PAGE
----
Below is an extended conversation with Mr. Veasey on leadership and on being a CIO in Africa.
Q: How is technology changing the way companies think?
We all need to appreciate the pace of growth of technology will mean that everyone’s daily lives will change. As banks we’ve really thought more traditionally. We’ve really explained or told our customers how they should be banking with us. But in reality we should be reversing and asking our customers, having their ideas and understanding how they prefer to do banking.
There are all these non-traditional competitors out there, so as leaders in the bank, what we have to do is understand that technology will really dominate and take over our world and certainly the lives of our customers, so we have to be very savvy in how we reach out, experiment, find new solutions, test them very quickly, fail them fast, and actually build a culture of failure which is positive of trying things as long as you pick up the next idea and move ahead. That’s what we are seeing with a number of these non-traditional competitors and we want to put Barclays at the forefront of that. And there are number of initiatives we have in place to address that.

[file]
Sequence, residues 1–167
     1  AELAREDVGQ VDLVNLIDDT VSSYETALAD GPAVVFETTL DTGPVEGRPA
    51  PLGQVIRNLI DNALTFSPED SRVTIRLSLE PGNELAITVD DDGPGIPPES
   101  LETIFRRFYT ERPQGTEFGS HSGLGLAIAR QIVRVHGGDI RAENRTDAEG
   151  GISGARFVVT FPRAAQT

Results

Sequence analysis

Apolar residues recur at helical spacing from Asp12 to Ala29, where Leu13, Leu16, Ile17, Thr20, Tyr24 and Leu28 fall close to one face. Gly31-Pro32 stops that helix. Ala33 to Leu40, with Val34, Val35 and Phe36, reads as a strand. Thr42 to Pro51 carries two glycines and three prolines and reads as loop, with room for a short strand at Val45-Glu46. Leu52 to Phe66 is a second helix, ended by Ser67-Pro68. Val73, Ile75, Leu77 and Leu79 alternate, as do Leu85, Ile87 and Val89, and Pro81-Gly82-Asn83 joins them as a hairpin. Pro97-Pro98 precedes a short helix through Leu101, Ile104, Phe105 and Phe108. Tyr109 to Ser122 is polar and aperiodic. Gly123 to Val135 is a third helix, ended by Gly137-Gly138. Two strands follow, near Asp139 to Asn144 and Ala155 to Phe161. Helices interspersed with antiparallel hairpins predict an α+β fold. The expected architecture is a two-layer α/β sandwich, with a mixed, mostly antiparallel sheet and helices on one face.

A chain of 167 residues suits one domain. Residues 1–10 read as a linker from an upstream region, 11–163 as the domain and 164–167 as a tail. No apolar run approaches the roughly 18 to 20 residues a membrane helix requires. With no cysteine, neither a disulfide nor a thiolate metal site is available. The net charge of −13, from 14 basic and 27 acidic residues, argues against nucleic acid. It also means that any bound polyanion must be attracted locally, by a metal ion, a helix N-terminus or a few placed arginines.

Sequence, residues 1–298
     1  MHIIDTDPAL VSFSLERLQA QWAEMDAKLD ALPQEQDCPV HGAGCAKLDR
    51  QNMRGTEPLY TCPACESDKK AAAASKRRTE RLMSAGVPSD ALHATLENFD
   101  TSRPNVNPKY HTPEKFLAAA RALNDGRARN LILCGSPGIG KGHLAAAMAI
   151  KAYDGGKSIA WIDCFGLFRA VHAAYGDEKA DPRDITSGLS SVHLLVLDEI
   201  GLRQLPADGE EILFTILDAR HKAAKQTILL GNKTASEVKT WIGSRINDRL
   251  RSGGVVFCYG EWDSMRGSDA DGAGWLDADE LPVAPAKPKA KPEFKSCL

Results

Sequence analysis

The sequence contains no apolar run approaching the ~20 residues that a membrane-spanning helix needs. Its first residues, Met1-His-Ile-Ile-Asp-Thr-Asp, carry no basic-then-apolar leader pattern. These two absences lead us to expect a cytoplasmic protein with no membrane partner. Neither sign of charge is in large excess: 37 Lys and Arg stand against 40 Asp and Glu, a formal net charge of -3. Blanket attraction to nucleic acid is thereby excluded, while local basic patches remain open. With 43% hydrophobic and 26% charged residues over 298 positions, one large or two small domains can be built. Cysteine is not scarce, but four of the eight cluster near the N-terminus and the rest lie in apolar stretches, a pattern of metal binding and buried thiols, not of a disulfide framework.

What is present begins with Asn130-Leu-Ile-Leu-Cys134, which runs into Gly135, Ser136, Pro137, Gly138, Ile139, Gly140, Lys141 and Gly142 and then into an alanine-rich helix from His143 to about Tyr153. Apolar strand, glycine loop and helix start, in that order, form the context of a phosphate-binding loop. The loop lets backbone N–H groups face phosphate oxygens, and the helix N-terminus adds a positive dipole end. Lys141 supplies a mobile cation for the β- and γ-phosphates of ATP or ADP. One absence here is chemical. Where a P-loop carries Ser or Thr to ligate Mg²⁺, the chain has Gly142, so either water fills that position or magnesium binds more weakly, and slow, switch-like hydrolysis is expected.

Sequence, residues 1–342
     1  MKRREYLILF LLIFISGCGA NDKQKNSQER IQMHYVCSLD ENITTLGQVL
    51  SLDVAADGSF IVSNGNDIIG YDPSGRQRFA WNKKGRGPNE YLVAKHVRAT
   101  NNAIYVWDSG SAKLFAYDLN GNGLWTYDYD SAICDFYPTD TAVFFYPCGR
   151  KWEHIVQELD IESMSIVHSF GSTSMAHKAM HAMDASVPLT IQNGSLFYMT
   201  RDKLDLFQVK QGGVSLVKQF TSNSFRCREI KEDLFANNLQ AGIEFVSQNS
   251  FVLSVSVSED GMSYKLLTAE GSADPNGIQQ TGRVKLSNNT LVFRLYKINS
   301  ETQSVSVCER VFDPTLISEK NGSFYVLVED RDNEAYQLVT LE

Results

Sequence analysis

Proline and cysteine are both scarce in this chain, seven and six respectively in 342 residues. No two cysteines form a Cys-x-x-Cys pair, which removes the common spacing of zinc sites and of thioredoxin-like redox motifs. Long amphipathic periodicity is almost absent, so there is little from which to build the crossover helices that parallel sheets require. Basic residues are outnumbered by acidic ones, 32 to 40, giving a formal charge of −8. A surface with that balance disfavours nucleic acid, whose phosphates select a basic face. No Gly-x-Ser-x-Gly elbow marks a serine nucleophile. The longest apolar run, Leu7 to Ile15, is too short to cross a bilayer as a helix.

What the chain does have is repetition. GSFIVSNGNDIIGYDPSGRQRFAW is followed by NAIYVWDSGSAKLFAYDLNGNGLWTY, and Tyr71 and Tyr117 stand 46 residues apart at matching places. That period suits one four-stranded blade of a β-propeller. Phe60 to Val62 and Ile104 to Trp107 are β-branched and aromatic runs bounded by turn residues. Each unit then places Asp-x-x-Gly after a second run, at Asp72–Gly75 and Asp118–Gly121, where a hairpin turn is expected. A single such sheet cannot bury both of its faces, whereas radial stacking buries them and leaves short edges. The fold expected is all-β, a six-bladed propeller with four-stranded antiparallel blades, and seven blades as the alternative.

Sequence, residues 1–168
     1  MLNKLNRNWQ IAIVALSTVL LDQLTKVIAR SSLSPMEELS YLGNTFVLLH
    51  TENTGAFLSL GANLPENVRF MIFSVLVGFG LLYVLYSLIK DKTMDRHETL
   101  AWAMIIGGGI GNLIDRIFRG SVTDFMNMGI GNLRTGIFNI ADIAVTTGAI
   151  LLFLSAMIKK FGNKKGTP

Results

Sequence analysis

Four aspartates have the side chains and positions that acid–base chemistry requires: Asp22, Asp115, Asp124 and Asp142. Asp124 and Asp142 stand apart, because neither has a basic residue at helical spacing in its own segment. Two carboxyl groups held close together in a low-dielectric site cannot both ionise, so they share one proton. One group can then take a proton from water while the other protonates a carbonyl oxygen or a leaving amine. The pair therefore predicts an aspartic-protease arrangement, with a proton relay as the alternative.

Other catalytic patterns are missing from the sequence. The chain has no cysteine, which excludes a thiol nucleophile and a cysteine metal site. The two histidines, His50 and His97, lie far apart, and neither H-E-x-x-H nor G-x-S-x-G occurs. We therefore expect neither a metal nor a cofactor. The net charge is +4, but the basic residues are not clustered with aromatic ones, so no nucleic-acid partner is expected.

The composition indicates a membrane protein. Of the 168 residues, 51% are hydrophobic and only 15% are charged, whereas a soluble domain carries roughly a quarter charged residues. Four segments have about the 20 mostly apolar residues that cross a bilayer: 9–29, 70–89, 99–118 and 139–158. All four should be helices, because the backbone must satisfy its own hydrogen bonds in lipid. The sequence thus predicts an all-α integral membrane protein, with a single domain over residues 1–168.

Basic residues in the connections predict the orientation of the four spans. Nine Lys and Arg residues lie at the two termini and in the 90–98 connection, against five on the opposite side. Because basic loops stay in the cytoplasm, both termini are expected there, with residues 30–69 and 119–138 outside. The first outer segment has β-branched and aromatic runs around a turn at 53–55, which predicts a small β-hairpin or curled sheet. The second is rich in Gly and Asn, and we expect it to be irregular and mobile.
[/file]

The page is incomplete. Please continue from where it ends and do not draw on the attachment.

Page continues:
Q: Why is the CIO role important in this environment?